“I got pulled over on the way to the studio,“ he said in 2016. "My driver made a right turn from the wrong lane. “I said, ‘Hell nah. This ain’t real.’ I cussed the police out thinking I was getting ‘Punk’d. I almost ain’t make it.”
The remix featured a verse from T.I. and the video is an orgy of dope cars. “That verse was actually the first verse that I wrote when I was writing ‘Sittin’ Sidewayz,'” explained Paul. “Back in those days, I didn’t know how to harness the power of the production sometimes.” In the end, he decided that those rhymes were “hard” but, “Didn’t really go hand-in-hand with that beat.”
Devin is Hip-Hop’s most laconic storyteller; like a laid-back cousin who tells stories better than anybody else in the family. His classic single breaks down the joys of having a car that’s all your own — warts and all.
Like Mix-A-Lot’s “My Hooptie,” this is an ode to a car that we all have owned at some point, and it’s the perfect anthem for hitting the road on a lazy afternoon or two. It also wouldn’t hurt to have a doobie in the ashtray — not that anyone’s advocating that sort of thing.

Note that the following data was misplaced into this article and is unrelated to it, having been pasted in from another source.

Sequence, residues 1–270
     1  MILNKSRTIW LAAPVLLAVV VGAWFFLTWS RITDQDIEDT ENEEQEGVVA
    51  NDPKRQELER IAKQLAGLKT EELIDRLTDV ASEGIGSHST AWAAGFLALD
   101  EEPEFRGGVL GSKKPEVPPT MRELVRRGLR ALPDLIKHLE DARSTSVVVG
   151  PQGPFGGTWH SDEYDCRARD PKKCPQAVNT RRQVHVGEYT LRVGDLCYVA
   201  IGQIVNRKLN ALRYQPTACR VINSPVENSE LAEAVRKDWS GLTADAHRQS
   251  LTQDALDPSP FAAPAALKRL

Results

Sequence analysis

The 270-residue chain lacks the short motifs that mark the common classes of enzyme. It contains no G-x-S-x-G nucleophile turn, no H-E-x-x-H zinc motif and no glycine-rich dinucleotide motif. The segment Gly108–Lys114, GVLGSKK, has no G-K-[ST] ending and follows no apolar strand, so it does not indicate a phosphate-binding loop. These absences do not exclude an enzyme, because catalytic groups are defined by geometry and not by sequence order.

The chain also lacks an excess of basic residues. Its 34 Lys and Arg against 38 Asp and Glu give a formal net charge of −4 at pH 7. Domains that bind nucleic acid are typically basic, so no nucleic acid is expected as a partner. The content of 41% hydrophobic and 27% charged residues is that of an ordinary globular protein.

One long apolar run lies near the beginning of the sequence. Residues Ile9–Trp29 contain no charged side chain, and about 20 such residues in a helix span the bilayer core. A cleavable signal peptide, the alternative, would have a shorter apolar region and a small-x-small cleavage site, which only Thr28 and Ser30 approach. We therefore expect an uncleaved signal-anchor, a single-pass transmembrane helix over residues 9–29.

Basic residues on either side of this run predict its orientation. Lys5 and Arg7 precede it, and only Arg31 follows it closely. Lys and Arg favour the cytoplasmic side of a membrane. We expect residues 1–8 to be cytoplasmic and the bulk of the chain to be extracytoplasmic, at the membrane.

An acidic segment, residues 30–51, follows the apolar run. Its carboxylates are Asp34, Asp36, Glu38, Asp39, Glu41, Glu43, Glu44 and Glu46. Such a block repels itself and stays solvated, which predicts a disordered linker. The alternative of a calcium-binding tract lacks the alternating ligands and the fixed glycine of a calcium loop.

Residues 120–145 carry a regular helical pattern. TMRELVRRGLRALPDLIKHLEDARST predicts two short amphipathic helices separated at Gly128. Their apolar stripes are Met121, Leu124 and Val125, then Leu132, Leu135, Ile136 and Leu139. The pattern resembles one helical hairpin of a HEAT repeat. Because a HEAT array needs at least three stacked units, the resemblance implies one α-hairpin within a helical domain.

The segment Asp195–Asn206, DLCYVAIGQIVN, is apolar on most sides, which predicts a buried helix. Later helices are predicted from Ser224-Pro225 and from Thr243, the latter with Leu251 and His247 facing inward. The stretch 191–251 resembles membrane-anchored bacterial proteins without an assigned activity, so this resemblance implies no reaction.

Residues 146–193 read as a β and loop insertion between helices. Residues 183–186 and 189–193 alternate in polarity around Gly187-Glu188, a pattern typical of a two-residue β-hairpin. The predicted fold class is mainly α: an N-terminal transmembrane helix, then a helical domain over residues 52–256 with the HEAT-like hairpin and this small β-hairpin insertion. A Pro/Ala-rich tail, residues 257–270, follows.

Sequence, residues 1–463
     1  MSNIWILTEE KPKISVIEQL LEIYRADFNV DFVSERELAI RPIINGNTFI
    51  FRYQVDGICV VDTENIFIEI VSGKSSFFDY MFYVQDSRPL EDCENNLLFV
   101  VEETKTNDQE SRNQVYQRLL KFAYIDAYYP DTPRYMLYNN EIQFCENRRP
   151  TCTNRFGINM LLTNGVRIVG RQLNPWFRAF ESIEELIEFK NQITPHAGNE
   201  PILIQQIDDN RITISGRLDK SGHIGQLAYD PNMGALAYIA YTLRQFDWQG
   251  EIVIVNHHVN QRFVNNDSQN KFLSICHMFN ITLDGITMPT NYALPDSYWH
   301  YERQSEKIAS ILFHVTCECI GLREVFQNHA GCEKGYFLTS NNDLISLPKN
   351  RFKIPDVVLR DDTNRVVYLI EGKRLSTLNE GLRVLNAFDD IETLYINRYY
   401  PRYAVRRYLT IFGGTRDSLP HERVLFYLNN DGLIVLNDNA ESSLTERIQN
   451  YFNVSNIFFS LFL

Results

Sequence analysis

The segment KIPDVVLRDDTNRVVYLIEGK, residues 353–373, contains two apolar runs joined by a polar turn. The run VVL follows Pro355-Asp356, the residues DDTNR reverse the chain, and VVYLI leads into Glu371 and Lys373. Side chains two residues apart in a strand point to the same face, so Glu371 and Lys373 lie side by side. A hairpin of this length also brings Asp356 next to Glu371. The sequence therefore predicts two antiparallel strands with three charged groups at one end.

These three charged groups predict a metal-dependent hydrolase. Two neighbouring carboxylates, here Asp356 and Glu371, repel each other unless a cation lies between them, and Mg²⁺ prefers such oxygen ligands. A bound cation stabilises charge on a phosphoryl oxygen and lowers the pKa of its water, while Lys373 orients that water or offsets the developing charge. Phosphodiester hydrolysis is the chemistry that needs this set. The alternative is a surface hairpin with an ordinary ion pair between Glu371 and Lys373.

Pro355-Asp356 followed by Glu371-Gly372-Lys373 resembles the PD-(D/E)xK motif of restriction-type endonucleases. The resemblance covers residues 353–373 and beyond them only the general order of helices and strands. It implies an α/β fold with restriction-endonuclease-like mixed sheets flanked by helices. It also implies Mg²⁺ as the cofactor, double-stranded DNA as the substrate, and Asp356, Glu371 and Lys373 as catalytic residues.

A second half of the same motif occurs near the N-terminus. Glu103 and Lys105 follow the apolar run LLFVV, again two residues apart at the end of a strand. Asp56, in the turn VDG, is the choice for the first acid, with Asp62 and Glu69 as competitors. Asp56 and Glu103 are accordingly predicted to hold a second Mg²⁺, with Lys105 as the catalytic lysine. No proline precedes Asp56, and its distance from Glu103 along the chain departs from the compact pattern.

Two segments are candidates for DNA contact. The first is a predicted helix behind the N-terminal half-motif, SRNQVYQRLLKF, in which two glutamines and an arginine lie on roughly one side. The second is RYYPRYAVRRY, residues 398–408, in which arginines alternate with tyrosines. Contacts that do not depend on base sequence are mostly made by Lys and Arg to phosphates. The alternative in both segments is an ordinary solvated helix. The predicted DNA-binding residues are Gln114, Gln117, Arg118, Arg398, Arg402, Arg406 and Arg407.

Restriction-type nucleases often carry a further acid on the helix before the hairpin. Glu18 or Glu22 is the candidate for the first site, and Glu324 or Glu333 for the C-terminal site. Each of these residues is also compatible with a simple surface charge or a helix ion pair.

It’s slow as syrup and perfectly encapsulates Houston’s car culture in a genre-defining four and a half minutes. Mike Jones never quite topped his debut single, a tribute to chopped-and-screwed sound of DJ Screw and to a uniquely Texas flavor of rap that had been a part of southern rap since the early 1990s.
The whole song is a dedication to cruising, and of course "tippin' on four 4s, wrapped in four Vogues." It dropped the Houston sound smack dab into the middle of the mainstream, made stars out of Paul Wall and Slim Thug — and ensured that no one would have to ask “Who is Mike Jones?” ever again.